My time in the Landscape Architecture department exposed me to various opportunities within the design field. This continues to fuel my curiosity for problem solving and creative design solution approach.


UWLA: Building on that, can you reflect on a pivotal moment in your education?

BB: My capstone studio project with Daniel Winterbottom focused on a memorial garden at the Japanese Community Cultural Center of Washington (JCCCW). Kintsugi Garden serves as a healing and memorial garden for a community that endured the Japanese American Internment Camps with a powerful mission to bring diverse communities together.

While collaborating with classmates, instructors and supportive design professionals, we worked closely with the community to develop a landscape design that is functionally flexible, culturally expressive, and ecologically restorative. The project integrated design with construction – signifying how a thought process on paper can become a space of cultural value.

Kintsugi Garden project helped me understand the power of design/construction and collaborations that can lead to meaningful placemaking.


Design/Build students install the shelter rooted in the technique of Japanese basket weaving. The cedar is woven under and over the curved steelribs.
The 2014 Design/Build students install the garden shelter, which is rooted in the technique of Japanese basket weaving. The cedar is woven under and over the curved steelribs.


UWLA: One of our final questions is about how the scope of Landscape Architecture is ever expanding; has your relationship with the discipline evolved at all through your years as a professional?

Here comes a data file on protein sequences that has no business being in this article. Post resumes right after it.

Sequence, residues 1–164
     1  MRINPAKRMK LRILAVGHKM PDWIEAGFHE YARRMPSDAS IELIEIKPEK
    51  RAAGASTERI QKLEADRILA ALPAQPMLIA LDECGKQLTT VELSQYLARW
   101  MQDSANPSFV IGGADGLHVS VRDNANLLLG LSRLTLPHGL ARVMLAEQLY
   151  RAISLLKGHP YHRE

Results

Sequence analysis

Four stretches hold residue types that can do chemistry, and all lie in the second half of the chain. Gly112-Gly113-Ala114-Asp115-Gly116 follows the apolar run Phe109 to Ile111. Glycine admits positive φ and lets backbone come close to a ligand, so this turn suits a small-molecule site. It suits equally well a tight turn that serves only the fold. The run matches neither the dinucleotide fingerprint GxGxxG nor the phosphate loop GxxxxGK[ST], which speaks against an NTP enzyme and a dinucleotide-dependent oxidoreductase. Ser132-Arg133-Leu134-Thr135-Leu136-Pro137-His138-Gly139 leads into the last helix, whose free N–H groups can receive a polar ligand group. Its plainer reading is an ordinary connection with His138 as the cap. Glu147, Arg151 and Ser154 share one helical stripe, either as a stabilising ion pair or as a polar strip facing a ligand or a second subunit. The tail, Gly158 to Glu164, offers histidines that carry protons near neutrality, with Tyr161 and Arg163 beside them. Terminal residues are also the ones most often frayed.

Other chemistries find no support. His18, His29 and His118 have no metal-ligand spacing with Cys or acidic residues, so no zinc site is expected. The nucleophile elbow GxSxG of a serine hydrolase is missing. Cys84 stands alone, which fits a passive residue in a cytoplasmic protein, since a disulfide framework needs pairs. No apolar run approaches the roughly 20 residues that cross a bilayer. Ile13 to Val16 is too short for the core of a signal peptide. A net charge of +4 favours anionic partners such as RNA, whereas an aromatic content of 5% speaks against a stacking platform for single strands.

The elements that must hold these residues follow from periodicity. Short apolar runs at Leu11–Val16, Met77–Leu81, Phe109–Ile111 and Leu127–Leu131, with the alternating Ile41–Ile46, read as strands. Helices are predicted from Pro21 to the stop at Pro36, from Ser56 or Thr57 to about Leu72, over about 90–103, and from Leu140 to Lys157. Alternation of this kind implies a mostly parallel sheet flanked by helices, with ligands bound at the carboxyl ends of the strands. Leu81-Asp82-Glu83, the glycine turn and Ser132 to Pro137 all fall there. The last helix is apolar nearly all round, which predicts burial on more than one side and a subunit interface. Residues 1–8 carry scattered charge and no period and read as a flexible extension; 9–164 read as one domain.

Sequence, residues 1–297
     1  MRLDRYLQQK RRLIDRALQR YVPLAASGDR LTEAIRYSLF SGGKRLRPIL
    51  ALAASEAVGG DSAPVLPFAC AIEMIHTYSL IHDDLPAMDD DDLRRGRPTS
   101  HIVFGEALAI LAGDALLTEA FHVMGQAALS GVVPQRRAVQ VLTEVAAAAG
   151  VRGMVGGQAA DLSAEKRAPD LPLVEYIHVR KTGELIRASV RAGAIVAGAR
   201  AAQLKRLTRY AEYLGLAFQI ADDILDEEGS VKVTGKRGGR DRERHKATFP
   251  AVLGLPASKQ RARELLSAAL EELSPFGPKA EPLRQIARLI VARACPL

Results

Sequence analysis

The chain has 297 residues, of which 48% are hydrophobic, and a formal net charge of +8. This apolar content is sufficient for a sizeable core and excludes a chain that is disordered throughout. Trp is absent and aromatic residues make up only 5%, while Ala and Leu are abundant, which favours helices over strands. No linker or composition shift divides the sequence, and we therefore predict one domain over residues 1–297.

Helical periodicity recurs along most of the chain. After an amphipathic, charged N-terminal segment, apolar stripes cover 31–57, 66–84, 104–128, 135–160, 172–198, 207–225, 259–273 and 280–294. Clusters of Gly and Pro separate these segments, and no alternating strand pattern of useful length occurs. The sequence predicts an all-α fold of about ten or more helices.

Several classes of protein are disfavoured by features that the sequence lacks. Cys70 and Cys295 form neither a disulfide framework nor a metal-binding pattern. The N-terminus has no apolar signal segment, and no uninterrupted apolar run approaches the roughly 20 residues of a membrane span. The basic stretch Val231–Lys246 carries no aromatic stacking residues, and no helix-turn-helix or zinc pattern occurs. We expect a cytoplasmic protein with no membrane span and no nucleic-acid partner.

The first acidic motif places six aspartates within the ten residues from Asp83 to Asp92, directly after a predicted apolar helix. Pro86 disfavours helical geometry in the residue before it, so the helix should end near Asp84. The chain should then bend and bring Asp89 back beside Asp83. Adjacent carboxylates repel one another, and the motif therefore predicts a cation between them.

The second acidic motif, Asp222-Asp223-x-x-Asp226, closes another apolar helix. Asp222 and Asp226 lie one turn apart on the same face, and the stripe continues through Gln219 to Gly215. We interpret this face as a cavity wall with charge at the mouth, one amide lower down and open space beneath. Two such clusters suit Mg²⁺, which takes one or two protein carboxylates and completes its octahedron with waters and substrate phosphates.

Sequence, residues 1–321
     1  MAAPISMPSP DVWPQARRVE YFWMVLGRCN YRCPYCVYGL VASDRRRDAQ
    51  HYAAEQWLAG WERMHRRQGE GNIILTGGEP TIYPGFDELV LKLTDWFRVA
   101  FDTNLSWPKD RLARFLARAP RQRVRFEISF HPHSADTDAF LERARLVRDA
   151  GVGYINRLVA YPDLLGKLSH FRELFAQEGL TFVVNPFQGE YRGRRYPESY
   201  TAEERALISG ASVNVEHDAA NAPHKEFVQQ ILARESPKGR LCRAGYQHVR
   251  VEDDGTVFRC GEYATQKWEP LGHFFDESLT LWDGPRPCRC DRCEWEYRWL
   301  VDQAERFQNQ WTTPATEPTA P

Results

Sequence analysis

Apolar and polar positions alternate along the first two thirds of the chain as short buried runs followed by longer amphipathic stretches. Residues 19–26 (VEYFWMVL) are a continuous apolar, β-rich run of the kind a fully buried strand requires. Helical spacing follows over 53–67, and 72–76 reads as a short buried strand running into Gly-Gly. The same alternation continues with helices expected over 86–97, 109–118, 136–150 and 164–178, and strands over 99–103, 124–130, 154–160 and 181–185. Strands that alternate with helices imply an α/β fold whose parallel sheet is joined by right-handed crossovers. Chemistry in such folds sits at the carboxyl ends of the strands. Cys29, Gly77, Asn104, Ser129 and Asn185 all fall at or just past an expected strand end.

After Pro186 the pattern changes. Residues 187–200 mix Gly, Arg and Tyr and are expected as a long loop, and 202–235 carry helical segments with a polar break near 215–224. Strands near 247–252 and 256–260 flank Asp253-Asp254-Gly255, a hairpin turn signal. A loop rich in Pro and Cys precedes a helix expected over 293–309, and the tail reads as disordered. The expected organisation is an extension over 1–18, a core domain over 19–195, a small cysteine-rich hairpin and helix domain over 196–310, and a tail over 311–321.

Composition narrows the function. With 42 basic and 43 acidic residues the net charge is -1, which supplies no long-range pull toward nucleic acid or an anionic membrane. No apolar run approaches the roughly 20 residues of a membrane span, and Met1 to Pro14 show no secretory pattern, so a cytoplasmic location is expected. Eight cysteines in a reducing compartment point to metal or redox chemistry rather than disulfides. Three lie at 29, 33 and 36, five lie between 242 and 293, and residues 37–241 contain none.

BB: Yes, the profession and tools we use are constantly evolving. I’m excited about the growth and movement in our design profession playing a larger role to help mitigate the effects of climate change. The threats posed by climate change are immense and it impacts the most vulnerable members of our community. Knowing no single strategy will mitigate the climate crisis on its own, it’s important that Landscape Architects continue to collaborate with design professionals, community representatives, climate scientists, and members of government to employ resilient designs that can support local biodiversity in a meaningful way.


UWLA: What’s next for you in your work? What are you looking forward to?

BB: I’m certainly enjoying my current position managing projects of different aspects and scales. I look forward to future professional development opportunities.

UWLA: What honors/awards have you received?
  • Teaching Experience

UW College of Built Environments, Landscape Architecture Department
Lecturer 2020 – Present

  • UW College of Built Environments, Landscape Architecture Department

Studio Critic 2017 – Present

  • Awards

2020 WASLA Outstanding Emerging Professional
2016 BSLA Merit Award: Analysis And Planning
2015 ASLA Honors Award: Kintsugi Garden
2014 WASLA Honors Award: Kintsugi Garden
2014 WASLA Merit Award: Academic Achievement in Landscape Architecture

  • Volunteer

Africatown Preservation and Development Association, 2017 – 2020


UWLA: Any last parting thoughts or words of wisdom?

BB: I’ve always admired people who have taken the non-linear routes to discover their career so I guess I’d encourage them to follow their passion and remain optimistic for growth and resilience to challenges you’ll face beyond the comfort of a studio project. Don’t be afraid to ask questions, remain curious, and challenge the norm – that is the motto.


Biruk Belay engaging with a young community member at the Rainier Beach Beer Sheva Park project.
Biruk Belay engaging with a young community member at the Rainier Beach Beer Sheva Park project.